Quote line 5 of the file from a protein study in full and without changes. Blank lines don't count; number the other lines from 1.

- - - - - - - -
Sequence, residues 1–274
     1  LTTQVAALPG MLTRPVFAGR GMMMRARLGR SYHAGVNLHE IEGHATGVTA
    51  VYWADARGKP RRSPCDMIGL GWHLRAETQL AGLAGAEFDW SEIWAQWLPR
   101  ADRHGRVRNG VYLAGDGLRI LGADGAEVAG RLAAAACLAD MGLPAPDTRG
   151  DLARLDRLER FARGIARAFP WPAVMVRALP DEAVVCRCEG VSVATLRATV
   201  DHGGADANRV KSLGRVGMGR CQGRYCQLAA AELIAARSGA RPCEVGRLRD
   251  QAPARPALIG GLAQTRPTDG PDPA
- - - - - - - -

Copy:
   151  DLARLDRLER FARGIARAFP WPAVMVRALP DEAVVCRCEG VSVATLRATV